A youth activist on the climate crisis: politicians won't save us

(The Guardian, 14 Dec 2018) At the COP24 conference, leaders lack the urgency felt by communities on the frontlines of a global threat.

As wildfires burn, as temperatures rise, as the last remaining old-growth forests in Poland are logged, world leaders are in Katowice to negotiate the implementation of the Paris climate agreement. To outsiders, UN climate talks may seem like a positive step. Unfortunately, this is COP24.

For 24 years, world leaders have annually talked at each other instead of to one another in hopes of reaching an agreement on how to mitigate the climate crisis. In all that time, they have barely scratched the surface of an issue that the world’s top climate scientists say we now have 12 years to stop – and that is an optimistic estimate.

There’s an urgency in my heart being here in Katowice, knowing that this negotiation process is supposed to protect my generation and ones thereafter. I am afraid of the lack of accountability in the space, knowing that the people with power will be patted on the back for simply coming together without making meaningful policy commitments.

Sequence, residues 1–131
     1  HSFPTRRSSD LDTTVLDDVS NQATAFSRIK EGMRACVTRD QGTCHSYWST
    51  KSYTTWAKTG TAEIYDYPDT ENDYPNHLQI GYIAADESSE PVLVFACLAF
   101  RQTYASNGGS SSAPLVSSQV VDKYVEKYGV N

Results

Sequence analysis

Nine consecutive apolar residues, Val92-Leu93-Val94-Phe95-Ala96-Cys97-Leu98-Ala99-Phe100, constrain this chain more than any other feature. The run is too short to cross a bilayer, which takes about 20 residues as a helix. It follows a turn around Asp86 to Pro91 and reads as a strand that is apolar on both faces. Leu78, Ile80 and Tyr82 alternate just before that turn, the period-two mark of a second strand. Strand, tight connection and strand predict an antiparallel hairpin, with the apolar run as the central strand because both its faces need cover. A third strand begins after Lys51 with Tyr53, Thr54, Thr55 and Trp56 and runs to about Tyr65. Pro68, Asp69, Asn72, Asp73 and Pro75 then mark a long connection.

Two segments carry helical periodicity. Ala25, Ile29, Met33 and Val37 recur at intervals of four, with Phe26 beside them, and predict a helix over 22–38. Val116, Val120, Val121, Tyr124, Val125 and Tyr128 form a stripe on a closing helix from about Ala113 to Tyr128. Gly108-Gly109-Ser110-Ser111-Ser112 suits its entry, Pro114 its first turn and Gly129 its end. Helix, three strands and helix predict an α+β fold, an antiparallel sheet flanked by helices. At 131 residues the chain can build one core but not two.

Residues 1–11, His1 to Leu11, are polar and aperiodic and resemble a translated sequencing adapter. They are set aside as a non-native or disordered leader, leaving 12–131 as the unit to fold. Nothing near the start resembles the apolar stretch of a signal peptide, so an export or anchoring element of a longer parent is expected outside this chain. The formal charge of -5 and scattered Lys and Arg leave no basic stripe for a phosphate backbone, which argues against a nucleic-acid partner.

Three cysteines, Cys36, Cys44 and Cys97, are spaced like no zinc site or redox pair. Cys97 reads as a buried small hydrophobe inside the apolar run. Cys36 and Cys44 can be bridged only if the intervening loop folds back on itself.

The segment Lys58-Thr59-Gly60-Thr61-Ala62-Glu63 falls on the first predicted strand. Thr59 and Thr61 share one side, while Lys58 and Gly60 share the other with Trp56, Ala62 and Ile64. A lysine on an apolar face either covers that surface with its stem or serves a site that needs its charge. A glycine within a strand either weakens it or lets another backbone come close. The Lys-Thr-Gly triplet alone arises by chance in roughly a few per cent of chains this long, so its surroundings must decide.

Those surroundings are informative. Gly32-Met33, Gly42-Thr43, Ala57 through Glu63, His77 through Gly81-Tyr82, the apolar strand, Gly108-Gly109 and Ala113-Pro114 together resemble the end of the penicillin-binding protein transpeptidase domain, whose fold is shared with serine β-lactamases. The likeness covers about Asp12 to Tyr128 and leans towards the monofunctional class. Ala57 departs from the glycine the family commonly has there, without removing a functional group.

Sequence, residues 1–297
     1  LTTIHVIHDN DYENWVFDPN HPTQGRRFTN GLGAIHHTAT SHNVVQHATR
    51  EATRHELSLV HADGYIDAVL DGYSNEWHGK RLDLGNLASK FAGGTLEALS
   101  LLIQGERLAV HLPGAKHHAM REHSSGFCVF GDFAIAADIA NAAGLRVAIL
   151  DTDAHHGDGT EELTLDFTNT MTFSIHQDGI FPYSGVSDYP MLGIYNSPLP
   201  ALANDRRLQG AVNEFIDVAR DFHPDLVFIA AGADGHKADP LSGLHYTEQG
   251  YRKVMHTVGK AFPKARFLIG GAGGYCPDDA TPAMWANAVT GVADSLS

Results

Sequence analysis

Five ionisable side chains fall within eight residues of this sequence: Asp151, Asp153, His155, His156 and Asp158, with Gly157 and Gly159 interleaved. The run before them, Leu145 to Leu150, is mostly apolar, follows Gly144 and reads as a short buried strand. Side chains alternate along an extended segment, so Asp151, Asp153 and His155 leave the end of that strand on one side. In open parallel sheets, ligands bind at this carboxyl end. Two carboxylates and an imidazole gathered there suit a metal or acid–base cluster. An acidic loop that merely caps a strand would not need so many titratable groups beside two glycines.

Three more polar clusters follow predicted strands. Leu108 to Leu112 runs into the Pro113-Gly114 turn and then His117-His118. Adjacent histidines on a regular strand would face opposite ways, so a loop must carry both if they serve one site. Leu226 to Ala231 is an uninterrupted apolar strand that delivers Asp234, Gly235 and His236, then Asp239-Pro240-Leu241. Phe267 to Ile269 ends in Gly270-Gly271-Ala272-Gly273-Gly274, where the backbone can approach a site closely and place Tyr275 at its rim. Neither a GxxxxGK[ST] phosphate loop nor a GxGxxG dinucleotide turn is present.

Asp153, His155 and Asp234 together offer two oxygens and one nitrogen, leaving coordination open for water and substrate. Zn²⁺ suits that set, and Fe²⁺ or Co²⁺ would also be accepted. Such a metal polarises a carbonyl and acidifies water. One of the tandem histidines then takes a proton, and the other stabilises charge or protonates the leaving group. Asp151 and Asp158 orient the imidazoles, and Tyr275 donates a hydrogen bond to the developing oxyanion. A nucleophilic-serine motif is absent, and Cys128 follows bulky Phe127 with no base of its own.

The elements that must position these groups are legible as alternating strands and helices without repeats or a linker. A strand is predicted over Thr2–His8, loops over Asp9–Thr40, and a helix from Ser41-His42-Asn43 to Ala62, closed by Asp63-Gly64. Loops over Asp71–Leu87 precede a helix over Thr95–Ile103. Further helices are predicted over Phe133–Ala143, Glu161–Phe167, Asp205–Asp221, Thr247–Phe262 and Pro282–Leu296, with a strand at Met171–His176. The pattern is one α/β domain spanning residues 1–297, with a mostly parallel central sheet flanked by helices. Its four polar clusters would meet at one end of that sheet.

When the news stories come out about successful negotiations, we forget about when leaders pushed to leave “human rights” out of policy wording, or stood on the floor advocating for fossil fuels as a solution (hint: they’re not), all to placate to their own interest in power and maintaining it. They are voluntarily blind to the suffering their decisions cause. Homes will be lost, families will be torn apart by displacement and at borders, and the sea will encroach upon whole societies, exterminating cultures and livelihoods. Developed countries like the US, corrupted by fossil fuel interests, are to blame.

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The Guardian, 14 Dec 2018: A youth activist on the climate crisis: politicians won't save us